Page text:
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MAP-21’s reform timetable: Can it be maintained?
Posted By John Latta On May 30, 2013 @ 9:47 am In The Roadologist | No Comments
Ah, yes, the reforms of MAP-21. Like a breath of fresh air they were.
Changes that would accelerate woefully slow project delivery times were finally coming, changes worth waiting for.
With MAP-21, our current two-year surface transportation legislation, came lowered expectations from a lack of adequate funding but raised expectations from reforms in the act. The most significant of those reforms had to do with increasing innovation in surface transportation project delivery and efficiency of project planning, design, construction and financing. They are found in the Act’s Subtitle C.
The Act lists 42 actions to be used to meet Subtitle C requirements. A new report from the Office of the Inspector General at U.S. DOT says these actions “mostly involve environmental issues that occur during the planning and design phase of highway and transit projects. The Department completed five actions, and most of the remaining actions are in progress.”
But there’s a but.
The report’s conclusion begins thusly:
“Approximately 9 months after Congress passed and the President signed MAP-21, the Department has taken action on many fronts to implement the legislation and has plans to complete 42 actions related to the acceleration of project delivery. While most of the Department’s remaining Subtitle C actions are in progress, a lack of completion dates for some actions combined with delays in some rulemaking actions could impede the Department’s ability to complete Subtitle C provisions in a timely manner.”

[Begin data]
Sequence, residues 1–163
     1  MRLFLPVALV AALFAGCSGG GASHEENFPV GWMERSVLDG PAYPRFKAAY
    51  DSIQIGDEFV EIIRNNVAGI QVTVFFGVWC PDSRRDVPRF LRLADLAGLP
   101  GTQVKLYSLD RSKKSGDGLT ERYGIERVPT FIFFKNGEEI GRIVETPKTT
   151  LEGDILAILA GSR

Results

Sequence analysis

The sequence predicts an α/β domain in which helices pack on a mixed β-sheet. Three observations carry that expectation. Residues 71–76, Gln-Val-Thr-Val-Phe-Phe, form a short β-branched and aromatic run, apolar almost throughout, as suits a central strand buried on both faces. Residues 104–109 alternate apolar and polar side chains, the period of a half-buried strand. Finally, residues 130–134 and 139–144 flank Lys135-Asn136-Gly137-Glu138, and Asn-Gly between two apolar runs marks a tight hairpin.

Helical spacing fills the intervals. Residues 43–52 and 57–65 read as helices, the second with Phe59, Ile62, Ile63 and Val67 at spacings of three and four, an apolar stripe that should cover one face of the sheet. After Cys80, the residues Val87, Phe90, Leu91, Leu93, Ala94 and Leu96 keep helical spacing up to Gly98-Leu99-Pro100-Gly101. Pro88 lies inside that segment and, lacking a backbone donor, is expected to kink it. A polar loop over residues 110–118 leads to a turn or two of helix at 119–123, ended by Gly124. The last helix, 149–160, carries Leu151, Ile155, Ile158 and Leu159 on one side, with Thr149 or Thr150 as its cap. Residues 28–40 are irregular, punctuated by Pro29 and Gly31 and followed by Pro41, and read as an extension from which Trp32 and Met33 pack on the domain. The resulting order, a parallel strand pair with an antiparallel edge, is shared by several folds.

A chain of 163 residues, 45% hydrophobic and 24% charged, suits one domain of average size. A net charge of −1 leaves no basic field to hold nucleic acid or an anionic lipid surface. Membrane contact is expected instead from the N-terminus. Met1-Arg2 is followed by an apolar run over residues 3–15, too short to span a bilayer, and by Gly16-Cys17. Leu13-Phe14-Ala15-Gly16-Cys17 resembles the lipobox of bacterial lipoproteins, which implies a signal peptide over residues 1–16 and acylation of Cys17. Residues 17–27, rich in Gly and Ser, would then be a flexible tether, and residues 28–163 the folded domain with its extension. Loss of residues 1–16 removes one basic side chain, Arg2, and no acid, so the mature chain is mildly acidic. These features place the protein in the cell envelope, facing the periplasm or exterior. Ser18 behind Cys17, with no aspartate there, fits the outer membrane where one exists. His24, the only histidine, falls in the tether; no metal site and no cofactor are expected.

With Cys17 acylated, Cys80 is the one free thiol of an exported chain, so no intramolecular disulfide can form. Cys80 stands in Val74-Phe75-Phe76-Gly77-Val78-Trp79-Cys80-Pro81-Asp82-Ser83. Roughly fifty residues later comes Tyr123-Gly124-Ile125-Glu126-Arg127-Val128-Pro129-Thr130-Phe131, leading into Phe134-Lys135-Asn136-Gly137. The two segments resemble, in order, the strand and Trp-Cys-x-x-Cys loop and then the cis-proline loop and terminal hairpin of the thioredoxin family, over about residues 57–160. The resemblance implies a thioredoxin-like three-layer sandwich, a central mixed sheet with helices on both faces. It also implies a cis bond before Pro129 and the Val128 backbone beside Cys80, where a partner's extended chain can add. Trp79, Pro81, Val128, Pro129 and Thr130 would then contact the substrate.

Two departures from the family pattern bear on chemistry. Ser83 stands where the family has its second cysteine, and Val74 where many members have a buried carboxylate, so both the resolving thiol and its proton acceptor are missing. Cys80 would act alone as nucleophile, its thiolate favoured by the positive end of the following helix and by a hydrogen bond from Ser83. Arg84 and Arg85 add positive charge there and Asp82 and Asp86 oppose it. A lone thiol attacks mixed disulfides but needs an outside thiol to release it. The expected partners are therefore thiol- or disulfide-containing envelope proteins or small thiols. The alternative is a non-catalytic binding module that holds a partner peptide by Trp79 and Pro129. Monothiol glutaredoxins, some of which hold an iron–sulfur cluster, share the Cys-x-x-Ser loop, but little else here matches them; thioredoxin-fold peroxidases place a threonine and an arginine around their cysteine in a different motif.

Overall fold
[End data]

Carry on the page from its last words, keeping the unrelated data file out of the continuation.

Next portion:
It’s not a cause for partisan dirt-slinging or a reason to call for an independent counsel to look into it, even in our current state of extreme political hypertension. But it’s well worth keeping an eye on because if those MAP-21 reforms do not get delivered as and when we expected them, MAP-21’s bright side gets tarnished and any reforms slated for it’s successor would be viewed with apprehension at best–and contractors and government transportation agencies can’t plan ahead with apprehension in the air.
We understand, Dear Congressperson, you won’t raise the gas tax, but if you can’t make reforms stick are they worth anything any more? Because without more funds all we have are the reforms (see MAP-21) and without reforms that will actually happen we have nothing worth much of anything to the long-term recovery of our industry.
So, no panic, but we’re watching and waiting.
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